In late July, on the verge of homelessness, Elmario Allen came to our Housing Resource Center needing help to pay his rent.
Now, just a few months later, Elmario, 27, is helping others from becoming homeless. Each one he interviews sits in the place he once occupied, seeking the assistance he once sought, expressing the worries he knows too well.
And Elmario sits across from each, as his counselor - and now colleague - Sajjiah Parker once did from him.
Sajjiah saw something in Elmario. Though he had fallen on hard times, he was determined to reclaim to his future. She also saw that his hardship had tuned his sensitivity to the plight of others.
“When I first talked to Elmario, I was struck by his humanitarian spirit and his desire to help people,” says Sajjiah, a specialist with the Homelessness Prevention and Rapid Re-Housing Program (HPRP) at our Housing Resource Center (HRC). “So when a job became available in our program, I called Elmario and asked him, ‘Would you like to do what I do?’”
Sajjiah’s intuition about Elmario stemmed from her own story of adversity. She herself has known what it’s like to be without stable housing, during a difficult period several years ago when her marriage came apart.
Sajjiah met her husband at Michigan State University, where they both were students. After she achieved her Masters from Wayne State, they moved to California with their two small children. There, her husband lost his job. The family then lost their apartment. They lived in cheap motels and survived with the help of food pantries.
“I worried about how it would affect my children,” Sajjiah says. “But even during the worst times you make sure that you raise them right, keep them healthy, protect them from harm, and instill hope.”
After the marriage dissolved, Sajjiah moved back to the Detroit area. She and her children stayed with relatives, and she looked for a job. She worked at Neighborhood Services Organization and then Goodwill Industries helping the homeless secure housing.
Eventually, she was hired as an HPRP specialist at the HRC. The HRC provides permanent housing and an array of support services to help individuals and families who were once homeless.
HPRP offers temporary funds for low-income families and individuals at risk of becoming homeless or who have become homeless, but who have a good chance of sustaining stable housing in rental units. The HRC serves as the centralized intake office in Detroit to process applications for HPRP funds made available through the Michigan State Housing Development Authority (MSHDA).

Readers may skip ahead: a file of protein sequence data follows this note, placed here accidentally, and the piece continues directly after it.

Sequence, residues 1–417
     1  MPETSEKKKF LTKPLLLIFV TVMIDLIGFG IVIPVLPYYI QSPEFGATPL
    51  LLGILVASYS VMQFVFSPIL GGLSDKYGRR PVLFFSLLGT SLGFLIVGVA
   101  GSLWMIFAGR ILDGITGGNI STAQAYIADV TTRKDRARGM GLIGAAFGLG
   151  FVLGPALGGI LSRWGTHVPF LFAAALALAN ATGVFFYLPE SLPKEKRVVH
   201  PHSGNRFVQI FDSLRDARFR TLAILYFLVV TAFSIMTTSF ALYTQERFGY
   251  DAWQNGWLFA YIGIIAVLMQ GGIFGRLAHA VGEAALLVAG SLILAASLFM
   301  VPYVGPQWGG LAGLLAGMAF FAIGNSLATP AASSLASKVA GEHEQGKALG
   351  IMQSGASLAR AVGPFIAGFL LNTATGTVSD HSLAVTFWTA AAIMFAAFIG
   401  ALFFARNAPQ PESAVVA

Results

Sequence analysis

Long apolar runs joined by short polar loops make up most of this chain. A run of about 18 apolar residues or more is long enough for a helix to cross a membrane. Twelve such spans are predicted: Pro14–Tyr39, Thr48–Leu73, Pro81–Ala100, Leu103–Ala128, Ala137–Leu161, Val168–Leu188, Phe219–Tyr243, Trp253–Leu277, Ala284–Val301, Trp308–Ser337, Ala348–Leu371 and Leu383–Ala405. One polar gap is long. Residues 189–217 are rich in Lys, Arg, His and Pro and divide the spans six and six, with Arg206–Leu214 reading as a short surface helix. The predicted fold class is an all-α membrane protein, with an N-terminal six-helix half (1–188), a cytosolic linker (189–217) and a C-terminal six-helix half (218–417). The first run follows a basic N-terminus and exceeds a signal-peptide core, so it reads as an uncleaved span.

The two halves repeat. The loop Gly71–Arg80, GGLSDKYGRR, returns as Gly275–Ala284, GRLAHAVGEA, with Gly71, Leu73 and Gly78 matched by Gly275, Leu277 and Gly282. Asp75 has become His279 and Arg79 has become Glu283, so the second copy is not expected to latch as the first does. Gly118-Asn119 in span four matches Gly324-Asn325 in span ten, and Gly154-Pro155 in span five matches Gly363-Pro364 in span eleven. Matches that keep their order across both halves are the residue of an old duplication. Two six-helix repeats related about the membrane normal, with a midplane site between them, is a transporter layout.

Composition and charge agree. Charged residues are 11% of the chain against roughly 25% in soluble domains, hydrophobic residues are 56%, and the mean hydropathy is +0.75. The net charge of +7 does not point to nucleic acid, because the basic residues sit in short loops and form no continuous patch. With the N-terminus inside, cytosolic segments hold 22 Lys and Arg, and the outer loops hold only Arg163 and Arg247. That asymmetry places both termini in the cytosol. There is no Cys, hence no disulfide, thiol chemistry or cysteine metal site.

The HPRP program is funded for two years and is now entering its second year. In the first year, our HPRP specialists have taken 542 applications and referred 318 who met eligibility requirements to partner agencies responsible for disbursing the aid to help families stay housed.
“My son asked me recently what my job is about,” Sajjiah says. “After I explained, he told me, ‘Think about it mom, you get a blessing everyday.’ I smiled and said, ‘That’s right, baby.’”
Like Sajjiah, Elmario sees the meaning of his HPRP work in larger terms.
“This is a God-given job,” Elmario says. “I truly believe that everything I went through was for me to get this job.”
Elmario’s life began to fall apart after an incident at his former workplace two years ago. He had worked there for five years and had risen to a supervisory level. Then the incident occurred. He was held at gunpoint, and subsequently, could not cope with the trauma.
“I fell into a deep depression and started using drugs to escape from myself,” Elmario says. “I was out of control and just didn’t seem to care anymore.”
Elmario lost his job, his apartment and his car. He was expelled from Marygrove College, a semester short of his Bachelor’s degree in Business Administration.
Elmario lived with relatives and friends, moving from place to place. Eventually, he began to rediscover his meaning and motivation. He took a job at a grocery store in Southfield and rode his bike from Detroit to get to work. He persuaded Marygrove to let him resume his studies, and then graduated this past spring, becoming the first in his family and lineage to achieve a college degree.
Elmario is one of ten children in his family. Of the six boys, three are older than Elmario. One is dead, one is in jail, and the other is still leading a life of crime. Elmario hopes that his two younger brothers will follow his lead and overcome the malignant influence of their father, who has been in and out of jail and shelters.
After getting the HPRP position, Elmario saved his money and moved into his own apartment in Detroit about a month ago.
“Before this job, I wanted to leave this city because I thought it was the only way to free myself from the terrible environment I grew up in. Now I know my purpose is to help others in bad situations realize that there is hope."